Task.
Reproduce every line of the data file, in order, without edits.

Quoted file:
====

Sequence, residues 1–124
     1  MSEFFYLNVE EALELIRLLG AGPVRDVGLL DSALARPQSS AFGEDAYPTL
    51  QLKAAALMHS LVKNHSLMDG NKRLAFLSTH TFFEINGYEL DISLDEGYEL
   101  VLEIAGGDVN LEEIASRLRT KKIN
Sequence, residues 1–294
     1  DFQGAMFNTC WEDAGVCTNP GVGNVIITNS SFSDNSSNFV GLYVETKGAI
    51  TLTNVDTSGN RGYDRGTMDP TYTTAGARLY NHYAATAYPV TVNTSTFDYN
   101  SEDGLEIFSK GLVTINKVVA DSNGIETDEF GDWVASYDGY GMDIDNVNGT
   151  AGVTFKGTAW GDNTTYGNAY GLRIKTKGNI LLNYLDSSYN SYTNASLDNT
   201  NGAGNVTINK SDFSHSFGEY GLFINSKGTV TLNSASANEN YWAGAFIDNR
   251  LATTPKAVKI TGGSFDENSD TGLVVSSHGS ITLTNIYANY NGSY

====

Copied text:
Sequence, residues 1–124
     1  MSEFFYLNVE EALELIRLLG AGPVRDVGLL DSALARPQSS AFGEDAYPTL
    51  QLKAAALMHS LVKNHSLMDG NKRLAFLSTH TFFEINGYEL DISLDEGYEL
   101  VLEIAGGDVN LEEIASRLRT KKIN
Sequence, residues 1–294
     1  DFQGAMFNTC WEDAGVCTNP GVGNVIITNS SFSDNSSNFV GLYVETKGAI
    51  TLTNVDTSGN RGYDRGTMDP TYTTAGARLY NHYAATAYPV TVNTSTFDYN
   101  SEDGLEIFSK GLVTINKVVA DSNGIETDEF GDWVASYDGY GMDIDNVNGT
   151  AGVTFKGTAW GDNTTYGNAY GLRIKTKGNI LLNYLDSSYN SYTNASLDNT
   201  NGAGNVTINK SDFSHSFGEY GLFINSKGTV TLNSASANEN YWAGAFIDNR
   251  LATTPKAVKI TGGSFDENSD TGLVVSSHGS ITLTNIYANY NGSY